highlights, SEQ, 500m

Subject: highlights, SEQ, 500m
From: Judith Lukin-Amundsen <>
Date: Wed, 16 Jun 2004 15:38:10 +1000
PAGE 2 (of 3)

Over the past couple of weekends, 'our' Satin Bowerbirds have engaged us, as always, with new sights. Workshopping continues among the green birds, but the role of the blue male M2 in teaching is at present diminished, and a green bird, identifiable by something white stuck alongside his eye, has taken up tutoring one or more of the younger green birds. Though his displays and calls are more abbreviated than those of M2, nevertheless he seems to have well-developed posturing, and is careful in selecting and holding the yellowish offering used in the dance. The younger birds are most attentive.
        On Sunday we cleared one of our garden-beds of runaway Erigiron groundcover, working into the dusk to get the job done. Next morning we had the amazing spectacle of all the bower birds 'anting' excitedly from the newly exposed soil, just at the spot where the sun had begun to warm it. What they were applying to their underwings from this ground, though, we could not see... That evening I read Alec Chisolm on the subject of anting: it need not, he said, be ants that are used: mothballs, cigar-butts, pyrethrum-type leaves, beetles - all these and more had been brought to his attention from all over the world. But the name for this procedure had been agreed among humans to be 'anting'! AC also believed that the experience was pleasurable to the birds.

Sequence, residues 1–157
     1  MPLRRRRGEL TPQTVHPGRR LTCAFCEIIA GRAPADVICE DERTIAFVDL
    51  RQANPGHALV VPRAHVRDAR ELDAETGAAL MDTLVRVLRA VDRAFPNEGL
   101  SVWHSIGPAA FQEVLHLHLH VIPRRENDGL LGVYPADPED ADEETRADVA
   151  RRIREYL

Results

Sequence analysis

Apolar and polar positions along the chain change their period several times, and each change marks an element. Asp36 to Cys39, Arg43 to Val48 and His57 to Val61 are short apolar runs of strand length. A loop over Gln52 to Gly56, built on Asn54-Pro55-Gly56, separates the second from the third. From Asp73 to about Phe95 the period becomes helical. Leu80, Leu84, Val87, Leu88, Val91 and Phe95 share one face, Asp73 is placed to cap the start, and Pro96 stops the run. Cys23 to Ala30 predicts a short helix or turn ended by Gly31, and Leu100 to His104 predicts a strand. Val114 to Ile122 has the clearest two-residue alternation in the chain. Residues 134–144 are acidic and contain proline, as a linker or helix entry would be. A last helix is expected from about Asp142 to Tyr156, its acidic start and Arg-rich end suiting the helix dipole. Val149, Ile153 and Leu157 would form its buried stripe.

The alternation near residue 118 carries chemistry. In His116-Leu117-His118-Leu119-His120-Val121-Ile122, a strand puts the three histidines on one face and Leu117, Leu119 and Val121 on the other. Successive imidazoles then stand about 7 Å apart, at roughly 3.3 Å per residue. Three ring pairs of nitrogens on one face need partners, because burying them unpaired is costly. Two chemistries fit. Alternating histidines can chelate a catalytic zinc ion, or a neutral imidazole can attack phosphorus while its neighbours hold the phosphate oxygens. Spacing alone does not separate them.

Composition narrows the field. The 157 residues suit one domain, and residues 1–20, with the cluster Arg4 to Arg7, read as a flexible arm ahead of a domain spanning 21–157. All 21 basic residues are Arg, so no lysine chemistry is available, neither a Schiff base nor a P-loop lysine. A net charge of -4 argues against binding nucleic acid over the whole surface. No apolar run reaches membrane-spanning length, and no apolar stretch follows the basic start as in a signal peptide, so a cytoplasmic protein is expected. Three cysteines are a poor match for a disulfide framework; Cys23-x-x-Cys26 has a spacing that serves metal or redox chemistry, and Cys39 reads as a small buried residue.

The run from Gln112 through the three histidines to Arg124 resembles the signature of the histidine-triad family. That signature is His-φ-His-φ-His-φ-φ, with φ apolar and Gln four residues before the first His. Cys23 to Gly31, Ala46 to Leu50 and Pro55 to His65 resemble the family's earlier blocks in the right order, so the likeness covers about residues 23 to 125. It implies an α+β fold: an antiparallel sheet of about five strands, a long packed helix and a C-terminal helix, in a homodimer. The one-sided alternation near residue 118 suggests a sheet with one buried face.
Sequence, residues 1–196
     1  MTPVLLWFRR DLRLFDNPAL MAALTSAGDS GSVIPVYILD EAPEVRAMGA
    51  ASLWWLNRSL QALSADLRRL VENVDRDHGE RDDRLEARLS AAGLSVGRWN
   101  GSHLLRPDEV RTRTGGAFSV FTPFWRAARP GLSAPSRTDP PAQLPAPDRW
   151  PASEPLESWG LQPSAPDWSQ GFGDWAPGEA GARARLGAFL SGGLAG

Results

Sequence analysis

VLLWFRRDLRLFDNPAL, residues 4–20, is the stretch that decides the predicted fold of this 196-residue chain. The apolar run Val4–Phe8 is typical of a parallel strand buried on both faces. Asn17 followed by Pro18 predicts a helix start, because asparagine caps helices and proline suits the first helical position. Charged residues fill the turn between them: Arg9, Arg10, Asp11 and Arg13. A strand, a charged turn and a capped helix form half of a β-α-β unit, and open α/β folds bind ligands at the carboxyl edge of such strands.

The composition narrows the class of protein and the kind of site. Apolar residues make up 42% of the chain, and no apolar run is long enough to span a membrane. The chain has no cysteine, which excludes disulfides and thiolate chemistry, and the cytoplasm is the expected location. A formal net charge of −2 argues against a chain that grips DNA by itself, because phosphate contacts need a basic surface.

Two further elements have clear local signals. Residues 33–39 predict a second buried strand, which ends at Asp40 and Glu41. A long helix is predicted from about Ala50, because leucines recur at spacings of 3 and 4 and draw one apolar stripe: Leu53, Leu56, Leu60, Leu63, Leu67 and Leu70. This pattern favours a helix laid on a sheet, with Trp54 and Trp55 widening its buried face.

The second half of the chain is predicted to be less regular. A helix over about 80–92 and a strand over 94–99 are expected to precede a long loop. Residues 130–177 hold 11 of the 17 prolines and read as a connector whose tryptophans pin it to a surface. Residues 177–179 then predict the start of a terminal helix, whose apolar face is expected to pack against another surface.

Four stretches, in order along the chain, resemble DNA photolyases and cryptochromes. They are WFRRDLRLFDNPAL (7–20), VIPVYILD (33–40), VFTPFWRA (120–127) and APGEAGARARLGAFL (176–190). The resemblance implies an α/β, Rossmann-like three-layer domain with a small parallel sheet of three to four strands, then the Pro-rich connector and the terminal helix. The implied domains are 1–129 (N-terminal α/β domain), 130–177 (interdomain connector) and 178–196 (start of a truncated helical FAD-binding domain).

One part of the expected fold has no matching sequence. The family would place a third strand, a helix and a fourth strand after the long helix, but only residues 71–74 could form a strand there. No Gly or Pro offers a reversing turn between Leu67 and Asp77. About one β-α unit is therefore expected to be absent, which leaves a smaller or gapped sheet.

Meanwhile, the blue male M1's bower did appear to be listing sadly some days ago, but by Sunday he had completely rebuilt it, with another slight shift north-westerly, its architecture finer and sturdier than ever before, and now with its compass orientation running more east-westerly - perhaps because the sun is in the north all day at present? For such a solid re-structure, M1 was obliged to collect a good deal of new stick-material. He walked about under the cypresses near 'his' garden-bed - and indeed he did 'walk' the head-clearance here being so low that he was obliged to be bi-pedal the entire time he was under there. The low roof did not, however, stop a Brush Wattlebird swooping in with a clap of wings to strike at him.

S-E Qld
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